4. The system of claim 3, wherein said interface changes the order in which the identified languages appear in said menu, based upon selections made from said menu by a user.

5. The system of claim 4, wherein the languages are displayed in said menu in order of most-recently selected to least-recently selected.

6. The system of claim 1, wherein said processor and interface are implemented in a stand-alone computer program.

7. The system of claim 1, wherein said processor is implemented as a component of a client-server program.

8. The system of claim 1, wherein said processor and interface are implemented in a network accessible application.

9. The system of claim 2, wherein the XBRL Taxonomies contain dimensions, and said user interface provides the user with the ability to select individual segments of a dimension for presentation.

10. The system of claim 1, wherein said user interface presents the retrieved data in either tabular or graphical form, in dependence upon a user selection.

11. A method for dynamically retrieving data from a plurality of stored XML-compliant documents in which the data is in a tagged format and has associated metadata, comprising the following steps: in response to a request for information, analyzing metadata stored in XML documents to identify one or more languages associated with data in the documents; retrieving data from the stored documents in accordance with the request, based upon the metadata analyzed in said analyzing step; and presenting the retrieved data in one of the languages associated with the retrieved data, based upon a user preference.

12. The method of claim 11 wherein said data is XBRL- formatted data, and said metadata includes XBRL Taxonomies.

13. The method of claim 11, further including the step of generating a menu containing each of the languages identified during the analyzing step, and displaying said menu in response to a user command.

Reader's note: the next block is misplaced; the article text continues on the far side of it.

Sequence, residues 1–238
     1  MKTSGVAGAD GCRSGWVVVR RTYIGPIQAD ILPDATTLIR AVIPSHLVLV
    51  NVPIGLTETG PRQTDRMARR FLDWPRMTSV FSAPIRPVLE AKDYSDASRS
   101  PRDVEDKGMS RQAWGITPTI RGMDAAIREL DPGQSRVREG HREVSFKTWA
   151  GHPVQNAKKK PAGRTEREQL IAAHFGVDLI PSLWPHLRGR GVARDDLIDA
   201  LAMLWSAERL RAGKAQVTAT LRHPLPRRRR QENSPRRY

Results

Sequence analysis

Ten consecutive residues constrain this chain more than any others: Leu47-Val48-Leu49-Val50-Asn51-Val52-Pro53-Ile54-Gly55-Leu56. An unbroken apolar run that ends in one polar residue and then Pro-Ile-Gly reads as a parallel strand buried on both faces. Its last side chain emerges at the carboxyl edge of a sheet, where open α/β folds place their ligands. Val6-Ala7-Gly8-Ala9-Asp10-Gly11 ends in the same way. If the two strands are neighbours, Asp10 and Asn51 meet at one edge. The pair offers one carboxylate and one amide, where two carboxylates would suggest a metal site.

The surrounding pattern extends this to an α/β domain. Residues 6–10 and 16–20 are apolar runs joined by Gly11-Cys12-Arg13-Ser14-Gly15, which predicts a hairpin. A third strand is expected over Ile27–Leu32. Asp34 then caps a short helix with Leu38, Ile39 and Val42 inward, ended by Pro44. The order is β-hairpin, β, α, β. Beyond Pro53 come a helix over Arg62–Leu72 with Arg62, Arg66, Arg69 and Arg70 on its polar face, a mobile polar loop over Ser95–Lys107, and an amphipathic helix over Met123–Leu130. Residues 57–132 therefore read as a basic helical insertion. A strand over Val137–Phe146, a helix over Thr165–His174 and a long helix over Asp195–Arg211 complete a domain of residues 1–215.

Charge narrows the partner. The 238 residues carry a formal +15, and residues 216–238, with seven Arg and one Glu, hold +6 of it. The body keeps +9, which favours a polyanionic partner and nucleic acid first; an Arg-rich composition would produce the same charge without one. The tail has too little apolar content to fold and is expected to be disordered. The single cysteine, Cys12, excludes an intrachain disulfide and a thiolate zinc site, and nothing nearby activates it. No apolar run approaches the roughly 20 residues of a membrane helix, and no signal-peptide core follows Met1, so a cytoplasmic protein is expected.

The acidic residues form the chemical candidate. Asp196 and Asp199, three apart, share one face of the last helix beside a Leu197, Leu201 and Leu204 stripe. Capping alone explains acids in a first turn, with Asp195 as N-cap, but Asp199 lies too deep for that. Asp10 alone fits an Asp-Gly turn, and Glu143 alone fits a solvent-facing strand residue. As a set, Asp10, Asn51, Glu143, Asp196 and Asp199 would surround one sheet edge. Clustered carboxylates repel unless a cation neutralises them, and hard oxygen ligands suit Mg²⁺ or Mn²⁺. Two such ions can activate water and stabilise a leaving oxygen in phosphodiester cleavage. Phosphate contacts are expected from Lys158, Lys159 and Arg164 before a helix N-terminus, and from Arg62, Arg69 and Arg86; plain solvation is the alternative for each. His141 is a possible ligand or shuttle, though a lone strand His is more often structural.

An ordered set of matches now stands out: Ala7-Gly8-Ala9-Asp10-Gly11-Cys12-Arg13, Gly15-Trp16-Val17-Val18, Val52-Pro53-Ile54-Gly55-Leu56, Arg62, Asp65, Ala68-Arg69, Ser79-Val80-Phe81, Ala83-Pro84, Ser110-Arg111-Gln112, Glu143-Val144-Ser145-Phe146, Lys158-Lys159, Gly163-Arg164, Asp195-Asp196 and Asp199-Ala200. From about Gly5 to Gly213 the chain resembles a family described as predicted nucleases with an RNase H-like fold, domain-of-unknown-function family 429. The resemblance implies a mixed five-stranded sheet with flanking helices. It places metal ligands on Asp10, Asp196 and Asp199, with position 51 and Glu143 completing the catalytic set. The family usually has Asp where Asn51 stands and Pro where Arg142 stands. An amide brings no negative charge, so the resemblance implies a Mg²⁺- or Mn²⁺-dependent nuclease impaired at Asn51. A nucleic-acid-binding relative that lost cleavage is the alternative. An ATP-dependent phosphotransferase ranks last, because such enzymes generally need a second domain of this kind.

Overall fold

14. The method of claim 13, further including the step of changing the order in which the identified languages appear in said menu, based upon selections made from said menu by a user.

15. The method of claim 14, wherein the languages are displayed in said menu in order of most-recently selected to least-recently selected.

16. The method of claim 12, wherein the XBRL Taxonomies contain dimensions, and further including the step of providing the user with the ability to select individual segments of a dimension for presentation.

17. The method of claim 11, further including the step of presenting the retrieved data in either tabular or graphical form, in dependence upon a user selection.

18. A computer-readable medium containing a program that causes a computer to execute the following operations: in response to a request for information, analyzing metadata stored in XML documents to identify one or more languages associated with data in the documents; retrieving data from the stored documents in accordance with the request, based upon the metadata analyzed in said analyzing step; and presenting the retrieved data in one of the languages associated with the retrieved data, based upon a user preference.